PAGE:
• Edriss Titi
      Texas A&M University / Weizmann Institute
    Recent advances concerning the Primitive Equations of oceanic and atmospheric dynamics
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    In this talk I will show the global (in time) well-posedness for the 3D viscous primitive equations of atmospheric and oceanic dynamics for all initial data. Motivated by strong ani-sotropic turbulence mixing I will also show the global well-posedness of this model with only horizontal viscosity and either horizontal of vertical diffusion. On the other hand, I will show that in the inviscid case there is a class of initial data for which the corresponding smooth solutions of the inviscid primitive equations develop singularity (blow-up) in finite-time.
    • Elaine Cozzi
      Oregon State University
    The aggregation equation with Newtonian potential
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    The aggregation equation with Newtonian potential models several different physical problems, including chemotaxis (when diffusion is present) and type-II superconductivity (without diffusion). In this talk, we apply techniques from two-dimensional fluid mechanics to investigate well-posedness theory and the inviscid limit for a generalization of this equation. This is joint work with Gung-Min Gie and James P. Kelliher.
    • Xinwei Yu
      University of Alberta, Edmonton
    Some new Prodi-Serrin type conditions for the 3D Navier-Stokes equations
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    In this talk I will present several new families of Prodi-Serrin type conditions which guarantee the smoothness of weak solutions for the 3D Navier-Stokes equations. These conditions involve either one of the quantities pressure, velocity, gradient of velocity, or their mixtures, and are in the form of space-time bounds on the Lebesgue, Lorentz, or Orlicz norms. This is joint work with Prof. Chuong V. Tran and Mr. Benjamin Pineau.
    • Aseel Farhat
      University of Virginia
    Geometry of 3D turbulent flows and the scaling gap in the 3D Navier-Stokes regularity problem
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    We show that the scaling gap in the 3D Navier-Stokes equation regularity problem can be reduced by an {\it algebraic factor}. All preexisting improvements have been logarithmic in nature, regardless of the functional set up utilized. This result is inspired by the geometry of the regions of intense vorticity observed in computational simulations of 3D turbulent flows.
    • Milton Lopes Filho
      Universidade Federal do Rio de Janeiro
    Incompressible, ideal flows around many small obstacles
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    We study the limiting behavior of solutions of the incompressible Euler equations in the exterior of a family of disjoint small disks, with the number of disks increasing as the size of the disks vanishes.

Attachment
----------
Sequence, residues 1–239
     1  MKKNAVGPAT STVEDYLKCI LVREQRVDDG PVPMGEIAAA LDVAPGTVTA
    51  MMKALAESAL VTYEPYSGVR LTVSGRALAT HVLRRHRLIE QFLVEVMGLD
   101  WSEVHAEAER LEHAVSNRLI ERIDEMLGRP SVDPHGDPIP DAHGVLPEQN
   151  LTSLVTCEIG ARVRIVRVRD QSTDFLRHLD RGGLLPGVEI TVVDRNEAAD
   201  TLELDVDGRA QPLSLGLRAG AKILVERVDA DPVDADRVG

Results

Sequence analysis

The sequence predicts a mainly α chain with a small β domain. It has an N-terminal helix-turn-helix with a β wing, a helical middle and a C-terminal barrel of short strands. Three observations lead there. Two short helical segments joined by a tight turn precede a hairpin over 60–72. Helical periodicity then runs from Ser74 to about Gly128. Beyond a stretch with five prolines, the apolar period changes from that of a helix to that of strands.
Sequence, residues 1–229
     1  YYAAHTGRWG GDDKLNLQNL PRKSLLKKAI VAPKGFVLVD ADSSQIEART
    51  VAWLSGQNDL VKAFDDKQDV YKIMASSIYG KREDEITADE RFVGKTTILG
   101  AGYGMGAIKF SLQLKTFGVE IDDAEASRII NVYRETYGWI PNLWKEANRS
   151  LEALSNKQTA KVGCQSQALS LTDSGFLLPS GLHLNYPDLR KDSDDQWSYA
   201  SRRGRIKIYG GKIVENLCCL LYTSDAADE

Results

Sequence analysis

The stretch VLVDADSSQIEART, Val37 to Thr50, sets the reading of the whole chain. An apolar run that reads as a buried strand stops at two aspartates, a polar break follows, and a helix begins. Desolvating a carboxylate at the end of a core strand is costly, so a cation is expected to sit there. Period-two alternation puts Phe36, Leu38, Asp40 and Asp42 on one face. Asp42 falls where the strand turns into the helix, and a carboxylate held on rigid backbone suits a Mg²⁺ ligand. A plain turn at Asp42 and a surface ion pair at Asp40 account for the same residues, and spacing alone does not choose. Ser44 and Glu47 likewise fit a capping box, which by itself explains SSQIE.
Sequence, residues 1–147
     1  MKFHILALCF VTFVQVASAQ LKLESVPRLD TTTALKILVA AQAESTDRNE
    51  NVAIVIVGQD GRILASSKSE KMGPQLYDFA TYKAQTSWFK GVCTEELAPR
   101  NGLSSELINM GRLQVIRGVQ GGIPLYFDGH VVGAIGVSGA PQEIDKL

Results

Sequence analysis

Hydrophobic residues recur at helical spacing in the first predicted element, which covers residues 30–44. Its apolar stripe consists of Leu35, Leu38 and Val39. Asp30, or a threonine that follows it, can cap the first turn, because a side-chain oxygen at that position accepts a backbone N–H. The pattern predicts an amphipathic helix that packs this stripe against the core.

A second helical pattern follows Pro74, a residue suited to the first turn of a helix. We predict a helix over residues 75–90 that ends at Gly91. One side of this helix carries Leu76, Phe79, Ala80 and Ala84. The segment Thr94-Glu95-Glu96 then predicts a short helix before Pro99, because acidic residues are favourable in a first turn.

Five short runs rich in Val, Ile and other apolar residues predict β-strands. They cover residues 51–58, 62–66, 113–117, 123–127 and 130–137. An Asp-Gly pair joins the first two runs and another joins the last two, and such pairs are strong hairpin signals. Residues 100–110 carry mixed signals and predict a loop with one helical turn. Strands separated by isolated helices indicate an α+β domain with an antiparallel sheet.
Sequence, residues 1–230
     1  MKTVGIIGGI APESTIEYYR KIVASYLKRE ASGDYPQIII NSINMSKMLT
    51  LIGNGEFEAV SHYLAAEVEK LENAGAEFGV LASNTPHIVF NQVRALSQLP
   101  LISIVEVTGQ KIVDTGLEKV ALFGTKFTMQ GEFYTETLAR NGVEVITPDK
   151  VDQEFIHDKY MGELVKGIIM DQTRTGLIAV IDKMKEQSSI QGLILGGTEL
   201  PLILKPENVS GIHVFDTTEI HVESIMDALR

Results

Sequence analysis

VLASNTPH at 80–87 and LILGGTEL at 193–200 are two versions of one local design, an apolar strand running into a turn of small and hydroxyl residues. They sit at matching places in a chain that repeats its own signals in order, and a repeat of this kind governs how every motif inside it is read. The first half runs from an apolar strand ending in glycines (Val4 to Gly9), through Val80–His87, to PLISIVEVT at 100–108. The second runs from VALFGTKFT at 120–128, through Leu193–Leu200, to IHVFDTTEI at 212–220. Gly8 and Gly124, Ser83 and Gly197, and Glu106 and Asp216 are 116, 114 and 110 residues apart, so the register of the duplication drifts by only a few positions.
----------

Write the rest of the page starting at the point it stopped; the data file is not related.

• Karen Zaya
      University of Michigan
    On Regularity Properties for Fluid Equations
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    We discuss a newly developed regularity criterion for the three-dimensional Boussinesq equations, which only imposes a condition on the low modes of the velocity $u$. The key tool in the development of this weaker regularity criterion is linked to the dissipation wave number.
    • Theodore Drivas
      Johns Hopkins University
    An Onsager Singularity Theorem for Solutions of the Compressible Euler Equations
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    We prove that any bounded weak solutions of the compressible Euler system satisfy kinetic energy, internal energy and entropy balance equations with possible `inertial range' defect terms. These defects are non-vanishing only if the weak solutions have sufficiently low Besov regularity of the type observed empirically in compressible turbulence. Under some assumptions, we prove that these defects match on to the dissipative anomaly terms appearing in the inviscid limit for compressible Navier-Stokes solutions, thereby deriving Kolmogorov 4/5th--type laws. Stationary, planar shocks with an ideal-gas equation of state provide simple examples of dissipation solutions appearing in the inviscid limit and demonstrate the sharpness of our $L^3$ - based regularity conditions. This talk is based on joint work with Gregory Eyink.
    • Mimi Dai
      University of Illinois, Chicago
    Kolmogorov's dissipation number and the number of degrees of freedom for the 3D Navier-Stokes equations
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    Kolmogorov's theory of turbulence predicts that only wavenumbers below some critical value, called Kolmogorov's dissipation number, are essential to describe the evolution of a three-dimensional fluid flow. A determining wavenumber, first introduced by Foias and Prodi for the 2D Navier-Stokes equations, is a mathematical analog of Kolmogorov's number. The purpose of this paper is to prove the existence of a time-dependent determining wavenumber for the 3D Navier-Stokes equations whose time average is bounded by Kolmogorov's dissipation wavenumber for all solutions on the global attractor whose intermittency is not extreme.